• Keeps team members informed and aligned on stakeholder preferences

  • Improves stakeholder engagement and relationships 

  • Helps your team understand individual stakeholder preferences, improving effective communication and helping facilitate buy-in

  • Builds trust and communication with stakeholders 

  • Lets your team quickly see who has decision-making power (and who doesn’t), so you can target the correct stakeholders and quickly reach consensuses 

  • Helps your team identify stakeholder needs and determine how to communicate in a way that’s most beneficial to them 

Remember, stakeholder registers are proactive (not reactive) tools that help you keep track of the who’s who on your project. They’re part of the early project planning process, and help you set boundaries and align with stakeholders early, preventing your project from growing in size or falling off track. 

What to include in a stakeholder register template 

Your stakeholder register template will serve as a blueprint for all your projects going forward, so it should include any information you want duplicated across different initiatives. This includes information you’ll want to track for each stakeholder, such as their level of project influence and communication preferences. This way, you never have to worry about forgetting key information.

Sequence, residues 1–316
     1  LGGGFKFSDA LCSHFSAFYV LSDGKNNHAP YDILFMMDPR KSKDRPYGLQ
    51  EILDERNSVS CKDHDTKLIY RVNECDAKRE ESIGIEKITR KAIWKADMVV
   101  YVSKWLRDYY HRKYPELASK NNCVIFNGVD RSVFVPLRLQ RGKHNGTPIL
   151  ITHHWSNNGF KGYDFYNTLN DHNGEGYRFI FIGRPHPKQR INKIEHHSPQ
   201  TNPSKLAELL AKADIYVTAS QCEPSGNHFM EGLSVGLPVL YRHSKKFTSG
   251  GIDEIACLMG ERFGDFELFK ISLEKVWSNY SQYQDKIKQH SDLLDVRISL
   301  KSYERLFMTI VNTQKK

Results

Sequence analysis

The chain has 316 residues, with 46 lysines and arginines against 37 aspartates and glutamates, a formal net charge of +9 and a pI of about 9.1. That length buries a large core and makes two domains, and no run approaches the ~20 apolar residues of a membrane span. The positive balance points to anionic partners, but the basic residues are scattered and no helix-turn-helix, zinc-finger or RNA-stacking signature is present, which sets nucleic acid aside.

Your stakeholder register template should include each stakeholder’s:

  • Name

  • Role or title

  • Category (internal or external; primary or secondary)

  • Level of influence over the project (low, medium, or high)

  • Level of interest in the project (low, medium, or high)

  • Specific needs or wants

  • Primary form of communication

  • The type of information they prefer in updates 

  • How often they prefer to be updated

  • Contact information

  • Any additional notes